Joint agricultural incubation project kicks off

AfriForum, the family farmer network Saai and the office of Kgosi Gaboilelwe Moroka, kicked off a joint indigenous veld goat incubation project in the Barolong Boo Seleka kingdom at Thaba’Nchu, east of Bloemfontein in the Free State with a progeny herd of 21 Nguni indigenous veld goats and goat farming- training by Gerhard Lourens, from LGL Inheemseveldbokstoet to local small holder farmers and Kgosi Moroka and her team. The aim of this project is to equip local small holder farmers with knowledge and skills to develop subsistence and small-scale farming into profitable enterprises and also to establish a herd of goats which will eventually develop into a sustainable goat farming business and produce goats to launch further development projects at grassroots level.

“A true fact is that agriculture is the basis of human survival. It is also through agricultural regeneration that we can achieve lasting success. It is key in addressing food insecurity, sustainability, malnutrition, poverty and unemployment. This goat project serves as an incubator of the direction we perceive goat farming should take throughout all rural communities in South Africa. Our appreciation to AfriForum and Saai, for their continued cooperation and partnership with Barolong Boo Seleka in the effort to empower the nation to have self-reliant livelihoods. Our future depends on agriculture,” says Kgosi Gaboilelwe Moroka, Kgosi of the Barolong Boo Seleka.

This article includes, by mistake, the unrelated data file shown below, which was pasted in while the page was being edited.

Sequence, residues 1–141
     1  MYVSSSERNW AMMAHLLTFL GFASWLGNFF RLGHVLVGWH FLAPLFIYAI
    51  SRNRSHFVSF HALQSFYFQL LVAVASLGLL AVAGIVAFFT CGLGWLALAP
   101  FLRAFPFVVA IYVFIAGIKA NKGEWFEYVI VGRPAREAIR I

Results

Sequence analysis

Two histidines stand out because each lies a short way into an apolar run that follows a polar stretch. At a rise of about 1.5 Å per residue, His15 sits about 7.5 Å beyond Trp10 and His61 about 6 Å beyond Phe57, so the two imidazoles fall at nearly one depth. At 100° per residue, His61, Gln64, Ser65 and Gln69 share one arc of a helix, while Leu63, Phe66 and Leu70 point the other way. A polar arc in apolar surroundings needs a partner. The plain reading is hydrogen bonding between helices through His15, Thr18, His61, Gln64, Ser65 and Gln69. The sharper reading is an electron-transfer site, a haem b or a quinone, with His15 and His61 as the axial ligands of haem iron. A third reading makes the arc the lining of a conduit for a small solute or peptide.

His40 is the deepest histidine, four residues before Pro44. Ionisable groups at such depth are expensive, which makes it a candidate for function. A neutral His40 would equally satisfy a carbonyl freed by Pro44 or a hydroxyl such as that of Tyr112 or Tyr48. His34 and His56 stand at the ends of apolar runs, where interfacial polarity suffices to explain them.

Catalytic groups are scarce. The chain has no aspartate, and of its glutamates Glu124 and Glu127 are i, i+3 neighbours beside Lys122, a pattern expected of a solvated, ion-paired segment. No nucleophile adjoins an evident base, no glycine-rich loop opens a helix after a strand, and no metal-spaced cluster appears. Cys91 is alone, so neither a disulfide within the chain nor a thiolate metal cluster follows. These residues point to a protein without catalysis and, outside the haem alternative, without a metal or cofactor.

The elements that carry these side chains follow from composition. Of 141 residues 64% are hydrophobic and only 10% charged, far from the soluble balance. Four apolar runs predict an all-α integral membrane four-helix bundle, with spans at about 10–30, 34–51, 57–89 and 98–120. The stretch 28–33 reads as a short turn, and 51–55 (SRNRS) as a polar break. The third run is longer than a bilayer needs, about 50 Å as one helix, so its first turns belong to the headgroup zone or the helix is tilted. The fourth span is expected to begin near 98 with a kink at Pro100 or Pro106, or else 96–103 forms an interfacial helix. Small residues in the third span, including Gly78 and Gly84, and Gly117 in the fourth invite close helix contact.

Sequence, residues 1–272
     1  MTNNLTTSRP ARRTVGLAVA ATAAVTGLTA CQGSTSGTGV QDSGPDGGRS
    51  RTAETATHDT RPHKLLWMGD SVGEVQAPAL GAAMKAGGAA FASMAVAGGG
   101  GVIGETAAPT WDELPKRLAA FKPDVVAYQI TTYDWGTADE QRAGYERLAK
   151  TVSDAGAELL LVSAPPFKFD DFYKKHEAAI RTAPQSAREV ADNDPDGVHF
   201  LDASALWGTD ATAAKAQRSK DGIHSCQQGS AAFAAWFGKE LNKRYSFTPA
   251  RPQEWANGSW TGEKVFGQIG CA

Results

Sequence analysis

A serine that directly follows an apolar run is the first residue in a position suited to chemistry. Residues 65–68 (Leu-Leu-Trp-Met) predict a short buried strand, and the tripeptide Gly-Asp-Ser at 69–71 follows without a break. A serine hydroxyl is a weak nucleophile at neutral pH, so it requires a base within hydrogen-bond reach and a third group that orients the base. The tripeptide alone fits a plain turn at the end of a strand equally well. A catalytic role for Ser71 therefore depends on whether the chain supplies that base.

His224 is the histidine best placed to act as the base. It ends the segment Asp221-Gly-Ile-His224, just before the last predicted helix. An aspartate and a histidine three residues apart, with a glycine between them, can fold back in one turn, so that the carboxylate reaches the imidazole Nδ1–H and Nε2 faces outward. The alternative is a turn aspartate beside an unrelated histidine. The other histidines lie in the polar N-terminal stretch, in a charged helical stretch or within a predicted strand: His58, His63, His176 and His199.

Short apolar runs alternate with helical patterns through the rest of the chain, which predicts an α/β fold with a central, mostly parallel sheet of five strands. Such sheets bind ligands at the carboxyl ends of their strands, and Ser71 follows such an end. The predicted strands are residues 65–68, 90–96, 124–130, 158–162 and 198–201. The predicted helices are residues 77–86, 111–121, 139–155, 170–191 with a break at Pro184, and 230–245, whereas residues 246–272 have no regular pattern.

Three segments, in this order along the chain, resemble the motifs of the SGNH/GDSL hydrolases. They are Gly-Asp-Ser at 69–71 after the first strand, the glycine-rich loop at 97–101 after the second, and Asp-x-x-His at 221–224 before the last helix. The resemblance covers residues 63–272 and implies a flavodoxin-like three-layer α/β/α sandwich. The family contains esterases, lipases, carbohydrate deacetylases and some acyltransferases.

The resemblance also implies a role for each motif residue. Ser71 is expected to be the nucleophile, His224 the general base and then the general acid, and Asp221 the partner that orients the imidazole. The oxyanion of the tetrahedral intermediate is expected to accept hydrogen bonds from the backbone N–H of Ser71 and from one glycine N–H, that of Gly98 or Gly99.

“It is a privilege for Saai to make a difference by equipping subsistence and small holder family farmers with the necessary knowledge and skills to commercialize and modernize their farming activities. The support and mentoring role we fulfill makes it possible for these family farmers to develop into commercial farmers who contribute to wealth creation, food security, economic growth and job creation,” adds Theo de Jager, Executive Chairperson of Saai.

“We are establishing a network of self-sufficient cultural communities on the basis of mutual recognition and respect within which communities collaborate to ensure a free, safe and prosperous future for the children of all communities here at the southern tip of Africa. A new social order built on the foundation of community federalism is taking shape at the grassroots level – this gives us hope for the future as it gives interdependent communities here the opportunity to collectively find solutions to the challenges we face,” says Barend Uys, Head of Intercultural Relations and Cooperation at AfriForum.

Joint agricultural development and heritage projects have been successfully undertaken since 2022 after the conclusion of a mutual recognition and cooperation treaty between AfriForum and the Barolong Boo Seleka. These good relations and cooperation are a revival of the good relations and cooperation that were established in the 1830s between the Afrikaner and Barolong Boo Seleka cultural communities.

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